October 8, 2013
In my childhood, my father had presented us with a small binocular like gadget called the View Master. It was used to see a round disc of colour slides by clicking down a switch. In that simple gadget I had seen stills of Thai dance in colourful costumes. That childhood memory stayed.... Years later when I arrived in Bangkok, (I did not go shopping!) one of my first excursions was to see a dance performance. The short pieces were scenes from the Ramayana. And Hanuman, masked in splendour did acrobatic leaps, while the Rama trio gently moved around like dolls. What struck me about the dancers apart from their beautiful faces and costumes was the gentle gestures with their hands. The fingers were bent upwards in a beautiful curve from the wrist to the finger tips, and when they stretched their arms in delicate movements, the hands looked especially beautiful. I learnt that part of their training from childhood was to bend their palms to form those beautiful arcs.
Our training in Bharatanatyam almost takes the hand gestures for granted. Nattuvanars never conducted sessions in theory related to practice. If I am not mistaken it was Kalakshetra which taught the Abhinaya Darpana based lessons...." Patakam, Tripatakam, Ardhapatakam...." chanted in unison as one did the appropriate gestures. Now all dance schools have these lessons, I think.
But what is the use of these lessons if the dancer can hardly show one clear HASTHA MUDRA properly on the stage? While the Nrtta Hasthas are as strong as the Nrtta taught by a teacher, they at least are correct most of the time. It is the Abhinaya hasthas that are sadly lacking in life. The prayoga or usage is known to dancers. But what they lack is clarity in the way the hasthas are held by hand and fingers. For example, many do not train the fingers properly to bend them, or to stretch them.
When I conducted workshops for overseas students, they struggled a bit....with hasthas like the Tripataka. The ring finger did not bend at right angles to the palm without help. More complex positions like katakamukha are also difficult for untrained fingers. Our dancers can do it all easily. Yet, they do not use many mudras while performing. They seem to simplify everything and do not pay attention to this lovely detail....the Hastha mudras. I think imaginative use of the hands is so special to our dance that dancers should do well to consciously practice the mudras. And then use it in context.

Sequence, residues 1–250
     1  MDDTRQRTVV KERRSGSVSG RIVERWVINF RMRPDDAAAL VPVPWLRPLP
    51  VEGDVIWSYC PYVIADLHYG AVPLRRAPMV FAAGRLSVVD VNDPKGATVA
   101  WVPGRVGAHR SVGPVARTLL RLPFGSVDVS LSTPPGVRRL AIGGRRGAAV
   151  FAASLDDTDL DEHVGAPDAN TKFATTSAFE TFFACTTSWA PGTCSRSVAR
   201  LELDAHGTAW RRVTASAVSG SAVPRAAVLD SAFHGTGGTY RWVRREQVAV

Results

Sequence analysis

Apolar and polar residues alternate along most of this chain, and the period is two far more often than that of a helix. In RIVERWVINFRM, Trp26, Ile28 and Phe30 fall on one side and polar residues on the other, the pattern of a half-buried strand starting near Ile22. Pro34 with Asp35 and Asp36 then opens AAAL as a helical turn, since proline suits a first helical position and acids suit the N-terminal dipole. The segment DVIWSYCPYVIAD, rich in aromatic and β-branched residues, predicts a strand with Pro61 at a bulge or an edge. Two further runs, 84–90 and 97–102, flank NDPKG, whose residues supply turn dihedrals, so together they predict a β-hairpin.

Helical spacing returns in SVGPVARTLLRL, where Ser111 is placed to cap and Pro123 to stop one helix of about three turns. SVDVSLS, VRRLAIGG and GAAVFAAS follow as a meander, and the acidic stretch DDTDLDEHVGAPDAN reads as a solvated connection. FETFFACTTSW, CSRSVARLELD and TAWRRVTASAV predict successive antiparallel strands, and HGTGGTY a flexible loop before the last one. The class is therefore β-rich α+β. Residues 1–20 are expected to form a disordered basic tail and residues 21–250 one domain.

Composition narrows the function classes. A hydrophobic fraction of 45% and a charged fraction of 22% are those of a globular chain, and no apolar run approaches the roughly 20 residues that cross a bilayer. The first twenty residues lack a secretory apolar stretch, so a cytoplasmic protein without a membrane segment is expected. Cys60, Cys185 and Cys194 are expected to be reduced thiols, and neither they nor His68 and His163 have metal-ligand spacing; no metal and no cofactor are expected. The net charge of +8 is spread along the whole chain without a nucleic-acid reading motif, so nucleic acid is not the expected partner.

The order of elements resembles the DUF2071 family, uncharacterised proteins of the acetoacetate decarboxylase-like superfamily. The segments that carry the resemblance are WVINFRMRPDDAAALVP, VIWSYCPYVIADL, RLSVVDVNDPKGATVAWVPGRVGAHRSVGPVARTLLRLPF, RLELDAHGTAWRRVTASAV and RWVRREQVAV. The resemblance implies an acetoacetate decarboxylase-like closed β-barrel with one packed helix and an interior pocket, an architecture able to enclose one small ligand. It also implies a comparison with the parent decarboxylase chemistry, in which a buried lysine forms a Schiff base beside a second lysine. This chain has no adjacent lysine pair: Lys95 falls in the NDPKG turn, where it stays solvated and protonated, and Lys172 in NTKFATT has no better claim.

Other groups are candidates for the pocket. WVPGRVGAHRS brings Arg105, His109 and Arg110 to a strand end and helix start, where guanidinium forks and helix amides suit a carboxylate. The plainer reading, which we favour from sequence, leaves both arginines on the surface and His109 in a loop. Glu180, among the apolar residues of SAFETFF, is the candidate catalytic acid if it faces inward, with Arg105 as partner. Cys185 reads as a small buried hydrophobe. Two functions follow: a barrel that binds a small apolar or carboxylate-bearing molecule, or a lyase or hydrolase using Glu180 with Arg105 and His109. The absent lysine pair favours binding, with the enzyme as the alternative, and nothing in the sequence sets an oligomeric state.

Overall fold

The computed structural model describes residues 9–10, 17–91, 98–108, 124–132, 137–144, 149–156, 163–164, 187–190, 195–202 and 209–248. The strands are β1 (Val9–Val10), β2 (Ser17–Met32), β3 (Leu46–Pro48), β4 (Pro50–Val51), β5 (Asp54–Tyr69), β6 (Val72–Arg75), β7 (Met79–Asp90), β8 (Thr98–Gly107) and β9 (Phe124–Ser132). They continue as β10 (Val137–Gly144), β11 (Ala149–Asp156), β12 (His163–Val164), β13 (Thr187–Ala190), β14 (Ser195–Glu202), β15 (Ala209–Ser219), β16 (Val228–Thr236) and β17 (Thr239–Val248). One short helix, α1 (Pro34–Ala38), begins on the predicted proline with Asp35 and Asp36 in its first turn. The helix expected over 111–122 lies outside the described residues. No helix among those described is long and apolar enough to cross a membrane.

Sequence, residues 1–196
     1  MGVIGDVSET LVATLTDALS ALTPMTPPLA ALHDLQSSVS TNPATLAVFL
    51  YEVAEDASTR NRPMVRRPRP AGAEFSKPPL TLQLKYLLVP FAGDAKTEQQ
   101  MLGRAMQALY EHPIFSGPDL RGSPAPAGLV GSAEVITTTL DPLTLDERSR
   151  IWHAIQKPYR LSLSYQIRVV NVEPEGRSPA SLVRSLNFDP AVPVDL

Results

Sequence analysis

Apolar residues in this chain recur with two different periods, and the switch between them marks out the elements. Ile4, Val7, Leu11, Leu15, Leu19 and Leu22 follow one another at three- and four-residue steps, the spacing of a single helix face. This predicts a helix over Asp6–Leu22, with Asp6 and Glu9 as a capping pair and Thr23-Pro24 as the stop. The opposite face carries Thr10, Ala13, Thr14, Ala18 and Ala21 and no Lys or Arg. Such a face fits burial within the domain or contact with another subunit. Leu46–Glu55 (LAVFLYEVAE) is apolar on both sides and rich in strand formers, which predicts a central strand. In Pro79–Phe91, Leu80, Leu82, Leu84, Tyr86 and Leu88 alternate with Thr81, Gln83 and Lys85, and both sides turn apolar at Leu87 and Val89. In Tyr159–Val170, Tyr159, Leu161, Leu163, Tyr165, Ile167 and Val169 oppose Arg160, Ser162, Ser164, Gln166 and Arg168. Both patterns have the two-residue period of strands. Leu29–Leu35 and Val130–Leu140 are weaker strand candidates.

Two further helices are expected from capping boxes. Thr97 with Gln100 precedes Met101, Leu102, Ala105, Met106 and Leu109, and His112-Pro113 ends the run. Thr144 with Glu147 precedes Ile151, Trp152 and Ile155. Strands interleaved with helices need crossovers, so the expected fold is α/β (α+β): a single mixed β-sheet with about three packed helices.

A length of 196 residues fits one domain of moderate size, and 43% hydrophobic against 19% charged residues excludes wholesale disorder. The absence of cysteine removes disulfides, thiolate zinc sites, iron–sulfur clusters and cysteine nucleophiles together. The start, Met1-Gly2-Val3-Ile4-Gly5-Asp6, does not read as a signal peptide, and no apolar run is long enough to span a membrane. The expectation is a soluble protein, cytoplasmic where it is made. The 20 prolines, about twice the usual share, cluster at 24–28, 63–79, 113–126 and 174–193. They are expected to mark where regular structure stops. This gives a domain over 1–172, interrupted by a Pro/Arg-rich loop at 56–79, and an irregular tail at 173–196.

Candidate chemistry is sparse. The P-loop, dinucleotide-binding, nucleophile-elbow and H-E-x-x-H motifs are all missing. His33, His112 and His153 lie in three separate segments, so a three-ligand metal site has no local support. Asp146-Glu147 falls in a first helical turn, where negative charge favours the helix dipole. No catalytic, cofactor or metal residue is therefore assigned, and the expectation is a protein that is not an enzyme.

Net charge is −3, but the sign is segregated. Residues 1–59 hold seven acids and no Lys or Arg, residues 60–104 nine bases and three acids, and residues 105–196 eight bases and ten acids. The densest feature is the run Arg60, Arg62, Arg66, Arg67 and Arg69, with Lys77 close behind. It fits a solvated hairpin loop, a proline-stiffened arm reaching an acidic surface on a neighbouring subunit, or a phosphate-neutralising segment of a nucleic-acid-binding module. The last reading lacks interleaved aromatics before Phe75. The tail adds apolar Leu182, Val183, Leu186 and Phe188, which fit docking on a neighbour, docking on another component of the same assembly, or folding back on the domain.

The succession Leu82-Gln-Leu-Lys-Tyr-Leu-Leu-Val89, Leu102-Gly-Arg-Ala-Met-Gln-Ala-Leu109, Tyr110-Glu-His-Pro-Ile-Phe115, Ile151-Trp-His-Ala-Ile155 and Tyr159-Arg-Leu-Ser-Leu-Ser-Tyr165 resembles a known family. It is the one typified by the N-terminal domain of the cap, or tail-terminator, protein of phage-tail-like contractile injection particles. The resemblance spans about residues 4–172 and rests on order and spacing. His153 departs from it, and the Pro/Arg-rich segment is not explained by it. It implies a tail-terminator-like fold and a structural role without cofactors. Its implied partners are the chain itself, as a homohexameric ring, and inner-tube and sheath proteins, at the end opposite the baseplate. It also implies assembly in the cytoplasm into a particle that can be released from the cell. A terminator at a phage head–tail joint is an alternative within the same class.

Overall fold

Last season I performed pieces from my feature MANUSHI ...based on the work of women poets of India. There were sequences describing nature, and I made use of many gestures with telling effect. Somebody from the audience came up to me after the show and said, “Your fingers were dancing, we were watching them all the time.” I was delighted, because that effect was as it was meant to be. We show an entire gamut of flora and fauna, and each has to be different and authentic. We must use our imagination too to use some mudras with appropriate lyrics, to do justice to that particular aspect of Angika Abhinaya.
When mudras are connected to movement, lyricism in dance is established. The melody, mood and movement combination is embellished by mudras. The fluttering of wings, the chirping of birds, the slow flowering of a lotus, the distinct quiver of bees.... the list goes on. The unhurried use of gestures is so special to our dance that mastering this aspect of dance is worthwhile.
When I danced at a festival in Boston, I composed a piece on the many armed (twenty) Devi, with each hand holding a different symbol. Rhythmically synchronized with the music, it was demanding first to remember and then to show the whole gamut of gestures. The icing on the cake was the way my lighting expert highlighted the hands. That was Mithran Devanesan. The effect was so magical to the viewers that an American critic came up to me and said she liked that dance the best!
So, dear dancers, do pay attention to the Hastha mudras. Keep the fingers supple even if you are not blessed with slender ones. Perhaps some hand creams at night?! Train them as in any other exercise, to move with ease and hold the symbols with attention to the beauty of each formation. Perhaps if you do not rush from one gesture to the other, it helps. But above all, use all the gestures. They are like words in prose. Variety provides some scope for eloquence. Sameness, or a limited range, indicates that you do not know the language of gestures fully. In this case, ignorance is not bliss.
Lakshmi Vishwanathan, a prime disciple of Guru Kanjeevaram Elappa Pillai, is an exponent of the Thanjavur style of Bharatanatyam. She is also a trained vocalist. She is the author of several acclaimed books: Bharatanatyam - the Tamil Heritage, Kunjamma - Ode to a Nightingale, Kapaleeswara Temple, Women of Pride -The Devadasi Heritage. Her film ‘The Poetry of Dance’ was commissioned by the Festival of India. The Mamallapuram Dance Festival started in 1991 was Lakshmi’s brainchild. She has served on several arts committees. She has served as Vice President of Music Academy (Chennai) and is a member of South Zone Cultural Centre.
My comments have been recorded as a blog that I have written, inspired by Lakshmi-ji's writing. Please find the link to my blog below. It is titled ‘Fascinated with the fingers that sing.’
- Swarnamalya Ganesh (Oct 10, 2013)
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